As the visual architect behind Eden, Porter has carefully engineered how we view the film’s lead character. As Eden morphs through different moral mindsets, we travel with her—drifting from naïve sympathy to hardened pragmatism. “We wanted the audience to feel very much like they were experiencing what Eden was going through,” Griffiths explains. “There’s a bit of an arc to that. We start out in a very subjective sort of place, and sort of slowly go into a more objective point of view when she becomes part of the organization. Then she’s kind of snapped back into this subjective state, realizing what she’s fallen into and become.”
Most American films prefer chaos to characterization. In contrast, Eden understands the power of delayed gratification. Much of Chung’s mesmerizing performance is silent, her emotions transmitted through unspoken nuance. Griffiths and Porter understand the expressive power radiating off a human face. “We wanted audiences to share in what she was seeing. A lot of the camerawork came out of this decision. Some shots were taken over Jamie’s shoulder. There were also some very wide-angle close-ups of her face. We share the reaction to what she is seeing. People really get aligned with Eden as a character. Then she starts making morally ambiguous choices, where viewers have to really question themselves: ‘What would I do in this situation?’”
Washington would seem an unlikely state for filming desert landscapes. And until recently, it hasn’t been known as a magnet for moviemakers. Twilight might be set in Forks, but it was filmed in Oregon. The reason? This Northwest neighbor proved to be a more cost-friendly alternative. But Washington is currently taking on the competition, implementing tax incentives which offer a 30-percent rebate off money spent in the state for film production. This means cheaper catering, slashed set costs, and low-rate lodging.
Frugal filmmaking means increased movie production, and recent years have seen a huge surge in regional releases. Currently, Eden is riding a zeitgeist wave of new, locally-shot titles. The Lynn Shelton comedy My Sister’s Sister, which Griffiths co-produced, opened this year’s SIFF and has received wide critical acclaim since its release last June.
Prior to Eden, Griffiths tackled a much smaller film. Set in the melancholy, graveyard-shift darkness of a Northwest truck stop, The Off Hours studies a dead-end subculture inhabited by hash-slinging waitresses and road-weary long-haulers. Premiering at SIFF 2011, The Off Hours is an undersized jewelry box containing delicate trinkets of truth. “If you were to chart a graph of the characters’ movements,” describes Griffiths, “it’s a small molehill compared to the alps of Eden.”
Exploring territory audience members may fear to tread, is Eden a tough sell? Perhaps. But compared to Griffith’s back catalogue, it’s as accessible as Harry Potter. Aside from her involvement on Eden, The Off Hours, and My Sister’s Sister, Griffiths produced The Catechism Cataclysm in 2011. The title alone would frighten off studio heads, but its catchphrase, “God Will Fuck You Up,” defiantly guarantees a selective viewership. Alongside a handful of other low-profile projects, Griffith also co-produced Robinson Devor’s Zoo (2007), which examines the widely reported 2005 incident of a man in Enumclaw who died after having sex with a horse. You just don’t get any more unconventional than this.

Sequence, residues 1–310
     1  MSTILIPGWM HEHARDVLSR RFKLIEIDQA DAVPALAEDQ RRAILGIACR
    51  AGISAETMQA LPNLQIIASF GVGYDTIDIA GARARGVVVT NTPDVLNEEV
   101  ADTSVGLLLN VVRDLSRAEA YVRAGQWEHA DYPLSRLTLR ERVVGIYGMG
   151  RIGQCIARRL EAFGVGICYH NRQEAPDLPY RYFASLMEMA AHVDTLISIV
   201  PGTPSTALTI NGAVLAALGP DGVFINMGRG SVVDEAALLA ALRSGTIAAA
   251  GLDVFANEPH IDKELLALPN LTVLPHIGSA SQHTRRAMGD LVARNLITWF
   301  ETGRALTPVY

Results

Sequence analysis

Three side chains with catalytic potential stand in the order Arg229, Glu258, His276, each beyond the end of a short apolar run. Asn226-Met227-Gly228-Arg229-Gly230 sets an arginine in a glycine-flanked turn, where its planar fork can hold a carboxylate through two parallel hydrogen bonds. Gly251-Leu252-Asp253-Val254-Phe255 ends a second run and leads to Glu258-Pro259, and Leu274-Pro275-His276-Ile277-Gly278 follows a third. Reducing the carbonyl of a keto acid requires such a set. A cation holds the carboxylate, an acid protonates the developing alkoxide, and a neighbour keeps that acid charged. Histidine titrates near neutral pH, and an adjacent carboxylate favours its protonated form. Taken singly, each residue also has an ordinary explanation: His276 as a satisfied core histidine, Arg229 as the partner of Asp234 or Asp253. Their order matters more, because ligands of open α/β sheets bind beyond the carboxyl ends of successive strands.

Edgy, yes. But her films share a visionary purity void of “film-by-committee” sterility that’s refreshing and rare. Compromise is an inevitable chapter in the filmmaking process, but Griffiths has minimized homogenization of her work by collaborating with other like-minded souls. When Eden Producer Colin Harper Plank initially pitched Griffiths the script, she was instantly drawn to its spellbinding story. However, the director envisioned a more character-driven variation. She went to town on revisions, handed Plank the new hybrid, and was relieved to receive his approval.
“As a filmmaker, all you have are your instincts,” she insists. “If you are being second-guessed at every turn, you start to doubt yourself. Self-doubt can really take down a movie. It’s so important to surround yourself with people who know what you’re trying to do, support you, and give you the chance to do it. I’ve been very lucky in this way.”
It’s getting late. Griffiths sips the final drops of her coffee, and shakes my hand. As she trades in Uptown Espresso’s cozy sanctuary for the drizzly streets outside, I’m struck with an epiphany. Polite and understated as Griffith appears, I sense a boldly assertive spirit leaving my table—one who doesn’t take shit from anybody. Over the past hour, I’ve grown to see Griffith as a determined mother bear that would stop at nothing to defend her cine-cubs. Sometimes, it would seem, warriors speak loudest with whispers.
Eden is playing at the Film Forum in New York until April 2, and premieres at the Laemmle Music Hall in Los Angeles on March 29. On May 5 the film travels to the SIFF Cinema Uptown in Seattle for a two-week run.
For the rest of the country, Eden will be available on VOD April 20.